From 1950 to 1962, Eritrea had relative autonomy. In 1958, the Eritrean Liberation Movement (ELM) was founded as an underground movement to agitate against the growing centralization of imperial Ethiopian power. Likely due to fear of complete absorption into a unitary Ethiopia, in 1961, the Eritrean Liberation Front (ELF) began an armed struggle to win independence. In response, in 1962, Ethiopian Emperor Haile Selassie annexed Eritrea and dissolved their autonomous government. In the 1970s, the Eritrean People’s Liberation Front (EPLF), which would later become the PFDJ, split from the ELM, and took the leading role in the war. The anti-imperialist struggle continued until 1991, when they finally managed to push out the invaders and declare their independence through a popular referendum (99.83% in favor with 98.5% voter turnout) in 1993.

Violent conflict between the two countries did not end with independence, as deeply ingrained distrust and bitterness caused a border dispute, primarily around the south-eastern Eritrean town of Badme, to escalate into full-blown war when Eritrea attacked Ethiopia when they began mobilizing on the border after Eritrea responded to an ethnic Tigray militia insurgency.  By the end of the conflict, Ethiopia occupied the disrupted territory and additional areas. Despite a UN ruling in favor of Eritrea, Ethiopia has continued to occupy the land.

As part of the peace deal, Ethiopia has agreed to withdraw troops from the seized territory, recognizing Eritrean control over the area. In exchange, Ethiopia will be given Red sea port access. In addition, relations between the two countries will begin to normalize with the re-establishment of telecommunication, transport links, and the mutual opening of embassies.[xii]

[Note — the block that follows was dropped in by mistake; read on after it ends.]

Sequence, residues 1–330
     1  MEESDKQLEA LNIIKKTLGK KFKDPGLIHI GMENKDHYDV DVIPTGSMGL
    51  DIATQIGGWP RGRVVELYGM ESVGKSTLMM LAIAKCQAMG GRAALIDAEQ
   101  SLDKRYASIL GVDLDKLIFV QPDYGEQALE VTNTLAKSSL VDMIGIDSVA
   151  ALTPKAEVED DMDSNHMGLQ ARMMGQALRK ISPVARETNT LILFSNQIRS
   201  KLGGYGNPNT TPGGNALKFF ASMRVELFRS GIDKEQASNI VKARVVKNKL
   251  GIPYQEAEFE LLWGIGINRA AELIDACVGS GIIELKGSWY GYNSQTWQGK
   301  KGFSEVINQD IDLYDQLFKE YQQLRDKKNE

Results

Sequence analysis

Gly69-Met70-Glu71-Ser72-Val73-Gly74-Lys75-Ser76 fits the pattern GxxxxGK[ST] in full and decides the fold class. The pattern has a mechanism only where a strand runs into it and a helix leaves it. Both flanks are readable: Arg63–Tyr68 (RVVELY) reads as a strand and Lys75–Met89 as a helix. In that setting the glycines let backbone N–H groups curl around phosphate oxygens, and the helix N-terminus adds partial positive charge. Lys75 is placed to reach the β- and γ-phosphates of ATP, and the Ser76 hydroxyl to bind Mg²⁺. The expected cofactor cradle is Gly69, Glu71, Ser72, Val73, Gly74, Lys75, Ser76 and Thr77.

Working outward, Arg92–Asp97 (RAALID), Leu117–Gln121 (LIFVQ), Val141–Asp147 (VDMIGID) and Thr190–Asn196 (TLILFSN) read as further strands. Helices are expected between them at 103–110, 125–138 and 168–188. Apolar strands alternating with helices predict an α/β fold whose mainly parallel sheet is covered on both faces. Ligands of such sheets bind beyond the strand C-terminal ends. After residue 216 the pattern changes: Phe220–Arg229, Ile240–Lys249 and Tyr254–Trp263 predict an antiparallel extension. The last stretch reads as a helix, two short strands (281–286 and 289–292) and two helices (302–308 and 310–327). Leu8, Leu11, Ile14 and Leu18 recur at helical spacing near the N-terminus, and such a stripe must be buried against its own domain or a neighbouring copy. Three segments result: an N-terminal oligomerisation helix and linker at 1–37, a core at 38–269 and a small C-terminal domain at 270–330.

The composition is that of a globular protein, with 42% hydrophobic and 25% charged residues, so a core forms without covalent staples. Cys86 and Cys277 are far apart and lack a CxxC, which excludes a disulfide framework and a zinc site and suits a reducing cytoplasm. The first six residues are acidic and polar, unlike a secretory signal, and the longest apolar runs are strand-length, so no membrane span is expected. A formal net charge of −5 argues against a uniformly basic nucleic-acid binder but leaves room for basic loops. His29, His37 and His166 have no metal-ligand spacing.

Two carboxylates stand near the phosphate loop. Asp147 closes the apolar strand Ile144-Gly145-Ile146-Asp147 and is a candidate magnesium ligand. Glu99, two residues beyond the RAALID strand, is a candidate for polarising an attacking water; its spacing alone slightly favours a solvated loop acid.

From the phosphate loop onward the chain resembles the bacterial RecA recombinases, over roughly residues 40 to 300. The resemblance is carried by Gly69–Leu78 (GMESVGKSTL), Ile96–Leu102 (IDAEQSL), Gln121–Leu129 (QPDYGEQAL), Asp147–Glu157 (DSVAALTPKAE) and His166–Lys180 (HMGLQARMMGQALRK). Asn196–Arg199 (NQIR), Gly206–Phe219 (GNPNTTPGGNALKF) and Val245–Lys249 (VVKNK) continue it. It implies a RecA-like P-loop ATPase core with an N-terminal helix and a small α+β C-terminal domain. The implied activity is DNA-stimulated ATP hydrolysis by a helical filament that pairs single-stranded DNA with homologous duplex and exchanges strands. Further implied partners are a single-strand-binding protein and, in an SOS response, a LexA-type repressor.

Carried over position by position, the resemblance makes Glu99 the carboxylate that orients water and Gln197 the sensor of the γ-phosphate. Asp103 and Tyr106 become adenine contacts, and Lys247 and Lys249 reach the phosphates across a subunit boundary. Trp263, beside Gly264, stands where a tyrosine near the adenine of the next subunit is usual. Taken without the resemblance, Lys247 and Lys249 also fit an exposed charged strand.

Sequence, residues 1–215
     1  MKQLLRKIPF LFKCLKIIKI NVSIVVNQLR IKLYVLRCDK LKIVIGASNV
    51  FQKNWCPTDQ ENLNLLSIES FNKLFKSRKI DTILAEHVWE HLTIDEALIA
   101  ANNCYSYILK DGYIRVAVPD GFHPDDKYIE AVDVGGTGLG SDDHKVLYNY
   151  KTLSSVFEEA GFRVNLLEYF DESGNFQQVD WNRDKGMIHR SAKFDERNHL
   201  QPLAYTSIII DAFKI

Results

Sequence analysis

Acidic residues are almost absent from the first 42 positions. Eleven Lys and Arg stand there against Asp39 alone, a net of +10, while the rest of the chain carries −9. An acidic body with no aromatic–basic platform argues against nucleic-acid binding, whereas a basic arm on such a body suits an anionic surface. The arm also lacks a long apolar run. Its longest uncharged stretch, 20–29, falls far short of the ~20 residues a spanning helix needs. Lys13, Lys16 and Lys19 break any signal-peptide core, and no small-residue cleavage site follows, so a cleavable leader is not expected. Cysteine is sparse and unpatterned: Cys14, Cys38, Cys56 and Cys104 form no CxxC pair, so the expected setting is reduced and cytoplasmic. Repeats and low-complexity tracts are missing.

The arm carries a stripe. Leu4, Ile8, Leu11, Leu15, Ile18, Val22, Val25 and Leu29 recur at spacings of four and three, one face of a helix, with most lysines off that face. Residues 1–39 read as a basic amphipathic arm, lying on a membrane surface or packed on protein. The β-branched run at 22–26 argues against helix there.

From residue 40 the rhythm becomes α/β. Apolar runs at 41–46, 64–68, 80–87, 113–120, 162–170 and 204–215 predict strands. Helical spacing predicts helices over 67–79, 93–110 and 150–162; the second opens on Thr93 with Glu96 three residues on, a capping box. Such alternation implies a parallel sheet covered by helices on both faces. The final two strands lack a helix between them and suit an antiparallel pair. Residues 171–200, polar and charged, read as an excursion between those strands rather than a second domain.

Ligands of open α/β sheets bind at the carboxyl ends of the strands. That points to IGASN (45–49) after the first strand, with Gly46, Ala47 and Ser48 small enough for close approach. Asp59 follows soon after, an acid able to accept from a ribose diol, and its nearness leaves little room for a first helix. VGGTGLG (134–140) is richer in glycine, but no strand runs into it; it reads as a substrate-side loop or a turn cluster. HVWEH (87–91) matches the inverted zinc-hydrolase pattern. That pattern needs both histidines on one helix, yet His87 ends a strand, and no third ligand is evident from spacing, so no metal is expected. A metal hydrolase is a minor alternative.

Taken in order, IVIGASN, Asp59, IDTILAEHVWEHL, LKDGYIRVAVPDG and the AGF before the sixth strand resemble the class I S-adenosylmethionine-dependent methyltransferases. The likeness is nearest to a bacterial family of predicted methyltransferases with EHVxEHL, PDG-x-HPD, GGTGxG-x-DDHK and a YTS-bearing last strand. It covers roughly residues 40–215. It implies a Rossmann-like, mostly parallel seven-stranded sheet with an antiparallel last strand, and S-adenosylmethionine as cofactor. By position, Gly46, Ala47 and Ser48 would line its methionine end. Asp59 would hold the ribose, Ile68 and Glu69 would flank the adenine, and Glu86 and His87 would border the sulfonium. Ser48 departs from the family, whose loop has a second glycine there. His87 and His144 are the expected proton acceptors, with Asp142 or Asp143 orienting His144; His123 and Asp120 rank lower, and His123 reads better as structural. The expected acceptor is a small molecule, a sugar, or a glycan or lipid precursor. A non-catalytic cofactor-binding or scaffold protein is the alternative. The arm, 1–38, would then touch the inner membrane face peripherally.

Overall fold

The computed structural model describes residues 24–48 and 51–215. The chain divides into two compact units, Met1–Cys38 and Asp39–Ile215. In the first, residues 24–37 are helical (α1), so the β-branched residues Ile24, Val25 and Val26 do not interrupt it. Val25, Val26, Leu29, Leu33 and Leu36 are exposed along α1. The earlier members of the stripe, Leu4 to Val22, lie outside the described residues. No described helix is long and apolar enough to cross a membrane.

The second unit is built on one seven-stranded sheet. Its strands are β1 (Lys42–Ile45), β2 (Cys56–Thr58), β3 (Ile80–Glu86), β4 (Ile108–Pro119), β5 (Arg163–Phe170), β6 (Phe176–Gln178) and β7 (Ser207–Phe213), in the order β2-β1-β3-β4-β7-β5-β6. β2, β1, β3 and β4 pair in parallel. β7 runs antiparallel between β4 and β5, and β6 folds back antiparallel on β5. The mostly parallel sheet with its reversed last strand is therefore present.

It is yet to be seen what material effects this deal will bring to the Eritrean people, but peace is always welcomed. For a country that is organized around resisting imperialist advances for the past 57 years, this deal could signal the end of an era.

[i] U.S. State Department.

[ii] CIA World Factbook.

[iii] “Mapping the Global Muslim Population,” Pew Research. October 2009.

[iv] “2014 Investment Climate Statement”. U.S. Department of State. June 2014.

[v] “Eritrea country profile,” Library of Congress Federal Research Division. September 2005.

[vi] “Why do so many people want to leave Eritrea for Europe?” BBC. November 10, 2015.

[vii] CIA World Factbook.

[viii] Conor Gaffey. “The U.S. and Others May Have Been Wrongly Sanctioning Eritrea for Years Over Alleged Al-Shabab Support,” Newsweek. November, 14, 2017.

[ix] Security Council Committee Pursuant to Resolutions 751 (1992) and 1907 (2009) Concerning Somalia and Eritrea. November, 2017.

[x] “Eritrea Overview,” World Bank. Accessed July 20, 2018.

[xi] Wolbert Smidt. “History, Historical Arguments and the Ethio-Eritrean conflict: between xenophobic approaches and an ideology of unity,” Wiener Zeitschrift für kritische Afrikastudien. 2012.

[xii] Matina Stevis-Gridneff. “Eritrea, Ethiopia Sign Historic Peace Deal,” The Wall Street Journal. July 9, 2018.